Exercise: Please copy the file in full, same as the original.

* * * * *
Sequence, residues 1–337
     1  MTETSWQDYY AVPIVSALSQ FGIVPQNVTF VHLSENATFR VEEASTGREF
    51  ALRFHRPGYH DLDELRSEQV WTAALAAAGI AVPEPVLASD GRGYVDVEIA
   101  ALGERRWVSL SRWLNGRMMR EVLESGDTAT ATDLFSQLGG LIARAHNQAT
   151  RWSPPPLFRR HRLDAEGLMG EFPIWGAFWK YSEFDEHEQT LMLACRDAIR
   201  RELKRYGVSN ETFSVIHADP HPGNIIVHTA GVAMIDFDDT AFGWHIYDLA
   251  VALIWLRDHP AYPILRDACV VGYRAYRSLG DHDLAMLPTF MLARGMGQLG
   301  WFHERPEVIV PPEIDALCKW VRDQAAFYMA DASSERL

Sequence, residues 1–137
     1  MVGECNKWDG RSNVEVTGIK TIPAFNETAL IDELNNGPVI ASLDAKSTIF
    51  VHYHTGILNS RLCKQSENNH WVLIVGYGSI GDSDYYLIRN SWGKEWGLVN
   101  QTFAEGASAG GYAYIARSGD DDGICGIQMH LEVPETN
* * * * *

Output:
Sequence, residues 1–337
     1  MTETSWQDYY AVPIVSALSQ FGIVPQNVTF VHLSENATFR VEEASTGREF
    51  ALRFHRPGYH DLDELRSEQV WTAALAAAGI AVPEPVLASD GRGYVDVEIA
   101  ALGERRWVSL SRWLNGRMMR EVLESGDTAT ATDLFSQLGG LIARAHNQAT
   151  RWSPPPLFRR HRLDAEGLMG EFPIWGAFWK YSEFDEHEQT LMLACRDAIR
   201  RELKRYGVSN ETFSVIHADP HPGNIIVHTA GVAMIDFDDT AFGWHIYDLA
   251  VALIWLRDHP AYPILRDACV VGYRAYRSLG DHDLAMLPTF MLARGMGQLG
   301  WFHERPEVIV PPEIDALCKW VRDQAAFYMA DASSERL

Sequence, residues 1–137
     1  MVGECNKWDG RSNVEVTGIK TIPAFNETAL IDELNNGPVI ASLDAKSTIF
    51  VHYHTGILNS RLCKQSENNH WVLIVGYGSI GDSDYYLIRN SWGKEWGLVN
   101  QTFAEGASAG GYAYIARSGD DDGICGIQMH LEVPETN